The Gonzaga men's basketball team, after winning the West Coast Conference tournament championship in Las Vegas, filmed its version of the "Harlem Shake" on the plane ride home.
Kelly Olynyk gets it started, moving his shoulders and flopping his hair.
Soon, other players followed by shaking their torsos in the aisle, where the WCC championship trophy sat.
At last, the camera panned to where sophomore Gary Bell Jr. was sitting.
The normally understated guard out of Kentridge High School was up and moving -- showcasing the same smooth, rhythmic style he displays on the basketball court.
Others on the team, such as Olynyk, a potential NBA draft lottery pick, senior Elias Harris and 3-point marksman Kevin Pangos, get more attention than Bell, who is the team's No. 4 scoring option on most nights.
But opponents in the NCAA tournament would be wise not to underestimate Bell, who usually has the assignment of guarding the other team's most dangerous playmaker.
"He knows how valuable he is. If they relax or do anything with Kelly and Elias or anything, he bangs in 20 (points)," Gonzaga coach Mark Few said. "The beauty of it is he does not get hung up on credit."
That team-first reputation has long carried past his days at Kentridge High when he was The News Tribune's 2011 All-Area Player of the Year, and a two-time all-state selection.
But today, when Chargers coach Dave Jamison tries illustrating a point to his current players, the sentence usually begins, "If you want to see who does it the right way, check out Gary Bell ... ."
"They are kind of sick of hearing about him all of the time," Jamison said.
Bell learned two crucial points at an early age:
One: listen and do not talk. This was pounded into his head by his father, Gary Bell Sr., who was a standout basketball player in his own right in Louisiana before suffering a career-ending injury.
And two: play defense.
"Guys figure that out in their junior and senior years," Jamison said. "He was a ninth-grader."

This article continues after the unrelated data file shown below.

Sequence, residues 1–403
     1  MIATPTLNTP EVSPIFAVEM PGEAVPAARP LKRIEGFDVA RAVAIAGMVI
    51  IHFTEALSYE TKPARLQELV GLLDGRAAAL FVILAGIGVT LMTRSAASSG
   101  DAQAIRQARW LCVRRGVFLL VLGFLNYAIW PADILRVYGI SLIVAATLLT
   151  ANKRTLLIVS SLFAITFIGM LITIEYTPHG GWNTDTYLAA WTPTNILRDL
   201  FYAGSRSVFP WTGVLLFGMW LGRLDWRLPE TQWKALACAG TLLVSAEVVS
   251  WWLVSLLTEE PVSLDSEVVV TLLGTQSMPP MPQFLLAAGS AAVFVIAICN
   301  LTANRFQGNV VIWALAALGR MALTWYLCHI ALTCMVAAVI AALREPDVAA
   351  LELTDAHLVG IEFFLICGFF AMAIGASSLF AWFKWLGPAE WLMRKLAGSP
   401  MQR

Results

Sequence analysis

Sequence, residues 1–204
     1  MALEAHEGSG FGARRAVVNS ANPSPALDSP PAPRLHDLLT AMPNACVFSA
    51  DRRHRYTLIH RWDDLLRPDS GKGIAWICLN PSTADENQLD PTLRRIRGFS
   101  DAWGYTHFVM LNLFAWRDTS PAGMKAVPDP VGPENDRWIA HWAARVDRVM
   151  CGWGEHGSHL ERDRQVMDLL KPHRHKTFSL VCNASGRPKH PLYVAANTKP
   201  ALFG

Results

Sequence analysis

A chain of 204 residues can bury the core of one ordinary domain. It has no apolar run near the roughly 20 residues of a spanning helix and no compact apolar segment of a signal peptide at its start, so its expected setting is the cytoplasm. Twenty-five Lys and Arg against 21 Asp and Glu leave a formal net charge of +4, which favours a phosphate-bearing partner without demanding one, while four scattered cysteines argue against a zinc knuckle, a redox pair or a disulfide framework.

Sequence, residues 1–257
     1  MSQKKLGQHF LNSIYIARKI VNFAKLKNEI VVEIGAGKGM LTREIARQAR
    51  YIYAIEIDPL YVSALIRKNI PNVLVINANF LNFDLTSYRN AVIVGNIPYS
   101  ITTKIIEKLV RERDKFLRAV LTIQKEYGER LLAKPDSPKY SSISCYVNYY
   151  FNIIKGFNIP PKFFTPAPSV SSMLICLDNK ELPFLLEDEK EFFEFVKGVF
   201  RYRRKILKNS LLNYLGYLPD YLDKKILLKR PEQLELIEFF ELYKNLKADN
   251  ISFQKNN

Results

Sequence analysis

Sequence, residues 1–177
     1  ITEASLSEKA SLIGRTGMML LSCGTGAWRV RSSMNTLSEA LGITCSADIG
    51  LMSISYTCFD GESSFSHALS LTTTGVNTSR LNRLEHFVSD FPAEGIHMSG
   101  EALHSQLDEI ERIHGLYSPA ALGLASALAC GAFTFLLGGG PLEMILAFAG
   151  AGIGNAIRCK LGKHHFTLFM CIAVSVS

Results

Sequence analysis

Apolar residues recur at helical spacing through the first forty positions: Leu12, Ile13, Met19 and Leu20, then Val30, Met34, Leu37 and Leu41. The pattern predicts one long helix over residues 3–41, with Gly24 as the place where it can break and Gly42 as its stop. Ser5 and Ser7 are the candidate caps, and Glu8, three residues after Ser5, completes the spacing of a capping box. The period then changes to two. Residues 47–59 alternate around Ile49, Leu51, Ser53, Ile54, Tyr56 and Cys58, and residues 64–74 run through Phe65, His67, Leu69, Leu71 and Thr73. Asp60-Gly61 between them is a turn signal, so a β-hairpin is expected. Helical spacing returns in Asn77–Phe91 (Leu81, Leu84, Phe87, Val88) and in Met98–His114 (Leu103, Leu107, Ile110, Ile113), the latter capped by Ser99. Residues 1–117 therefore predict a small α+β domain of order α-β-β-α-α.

The Zags' coaching staff first saw Bell at the Gonzaga team camp that Kentridge attended. Then Few got out to a number of select national AAU tournaments to see their recruit play for Rotary Style.
"We knew we had a high-character guy, which always works at our place," Few said. "But this guy, even in high school -- and you don't see this very often -- he valued playing defense. You don't see that in AAU games, but he would."
That's what makes him the ultimate X-factor for the Zags, one NCAA assistant coach said.
"He is that silent weapon," said Gig Harbor native Sam Scholl, a Santa Clara assistant. "He does not make a bunch of noise, or bring a lot of attention to himself. Even when he makes big plays, there is not a lot of chest thumping. He is a next-play guy.
"He is tremendously important. ... He is the reason they will win a Sweet 16 or an Elite Eight game."
His teammates know that, too.
"I tell him all the time, 'Look for your shot, look for your shot.' When he does that ... we are really tough to beat," Pangos said. "With our bigs (Olynyk and Harris) dominating, teams have to focus on them. And sometimes if I get going, or Gary, it gives them a second thing to have to worry about.
"When teams have to worry about the 3-point line and the paint, that is a problem for them."
As much as Bell knows his primary responsibility is as a lock-down perimeter defender, he also concedes his role varies depending on the circumstance.
Bell shared the team lead with 14 points in the Zags' 77-54 victory over West Virginia in last year's NCAA tournament opener, but being the lead man to him is not important.
"When I made my decision, people on my AAU team were like, 'Why would you go there, why would you go there?'" Bell said. "This is why I went here -- we are a family and a different kind of team.
"This is big. When they were recruiting me, I never thought this would be the No. 1 team in the nation. We made history for this school. It's the best thing I ever did."
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